We spoke with Street Scene and the only reason they don't have side skirts available for your truck is that they didn't have a truck to mock them up on. By the time this magazine hits newsstands they will be elbow-deep in urethane, so they will be available soon. We also checked Godfather Customs and got a similar answer, so by this spring you should have at least two new choices. Odds are both of these kits will be cheaper than a custom job, especially if you have to buy some side skirts and attempt to make them longer. Be patient, check out what's available this spring, and have your truck ready by next summer!
I own a '94 GMC Yukon 2-door 4WD and I want to lower it 2-3 inches. I've seen some kits with torsion keys and shackles and some that include shocks and springs. I'm looking for a lower level stance with a good ride and handling. So, who makes a good lowering kit for a 14-year-old SUV?
You've still got a few choices for your 14-year-old SUV. We just wrapped up an install with a Maxx Cam torsion key and were impressed with the results. A benefit of the torsion key is that you can adjust your suspension up 3 inches or down 2.5 inches and anywhere in between. Belltech also offers a torsion key as a part of its complete lowering kit for your Yukon. For the rear, Belltech uses 3-1/2-inch drop springs that will give you a softer ride. Belltech's part number for the kit is 3905.www.belltech.comwww.suspensionmaxx.com
Hi, my name is Joe. I saw the article on the 383 crate-engine swap you guys had in Volume 33, No. 12, and I currently have a '96 Chevy that could use an engine. Does the computer need any special modifications before driving the truck with the new engine? Also, how much does the 383 cost vs. the 350 crate engine?
I appreciate your tech article on the "Big Repower" 383 install. I have had my eyes on this motor for my project for quite a while now. With all of the factory equipment that is switched over from the old 350 to the new 383, I want to know if aftermarket performance items that are manufactured for the 350, (like intake manifolds, throttle bodies, complete exhaust systems, superchargers, and etc.) would work well with this motor? Any information you guys can give me would be great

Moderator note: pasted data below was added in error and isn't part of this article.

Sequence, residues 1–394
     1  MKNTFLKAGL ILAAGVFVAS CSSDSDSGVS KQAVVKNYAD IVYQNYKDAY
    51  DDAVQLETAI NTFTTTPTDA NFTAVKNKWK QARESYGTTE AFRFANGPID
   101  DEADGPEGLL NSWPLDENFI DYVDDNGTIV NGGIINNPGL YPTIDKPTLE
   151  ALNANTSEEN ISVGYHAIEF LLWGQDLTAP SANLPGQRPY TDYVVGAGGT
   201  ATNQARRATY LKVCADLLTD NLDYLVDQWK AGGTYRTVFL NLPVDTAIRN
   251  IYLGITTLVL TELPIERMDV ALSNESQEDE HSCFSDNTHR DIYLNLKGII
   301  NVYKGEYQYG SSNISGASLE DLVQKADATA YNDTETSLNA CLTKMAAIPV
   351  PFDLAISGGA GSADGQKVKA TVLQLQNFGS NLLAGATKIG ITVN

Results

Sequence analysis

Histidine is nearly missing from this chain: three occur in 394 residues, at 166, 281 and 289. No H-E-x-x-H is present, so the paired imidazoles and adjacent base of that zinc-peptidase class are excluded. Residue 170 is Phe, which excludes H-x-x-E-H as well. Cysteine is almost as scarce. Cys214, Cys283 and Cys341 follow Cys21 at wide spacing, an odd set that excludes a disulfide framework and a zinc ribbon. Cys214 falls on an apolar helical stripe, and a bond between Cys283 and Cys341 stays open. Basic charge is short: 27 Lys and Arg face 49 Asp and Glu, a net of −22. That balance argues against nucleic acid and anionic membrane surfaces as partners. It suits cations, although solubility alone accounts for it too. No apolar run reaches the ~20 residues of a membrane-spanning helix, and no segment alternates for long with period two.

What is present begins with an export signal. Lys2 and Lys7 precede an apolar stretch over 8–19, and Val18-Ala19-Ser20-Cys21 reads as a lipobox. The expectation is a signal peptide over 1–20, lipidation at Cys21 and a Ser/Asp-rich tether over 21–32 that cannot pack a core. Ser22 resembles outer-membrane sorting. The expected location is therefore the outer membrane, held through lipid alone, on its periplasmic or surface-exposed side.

Where can I get the "Removal and Reinstall" manuals by Dr. Whaba that were used in your "Big Repower" articles? Also, I plan to swap the small-block in my '87 Suburban with one from a '91 Suburban. Can I also use the 700R4 from the '91?
Joe, Tim, and Tom
We'll try to answer all of your questions at once. The HT 383 E will run with your factory engine and give you a big bump in torque and power, and additional computer work will only result in higher gains. With aftermarket exhaust and headers you might lose a few ft-lbs just off-idle, but with a computer tune the numbers should be up across the board as volumetric efficiency is increased. Since a supercharger will cram a lot more air into the engine, factory injectors will likely need to be upgraded, along with a custom tune. Now for the cost. If you shop around you can find the long block, minus intake (which you will reuse) for around $4,600 to $5,000. There isn't an apples-to-apples comparison in the form of a GM Performance Parts 350, but compare that to $2,600 for a 350 long-block from Goodwrench. Unfortunately the 350 long-block from Goodwrench comes without a water pump or distributor, and it has a cast-not forged-crank, so the prices get closer when you factor that in.
Finally Tom, the R&R manuals can be found at Scoggin-Dickey at www.sdparts.com. For your transmission question, GM actually improved the 700R4 in '91, so you'll have a beefier version of the same transmission. Good luck wrenching!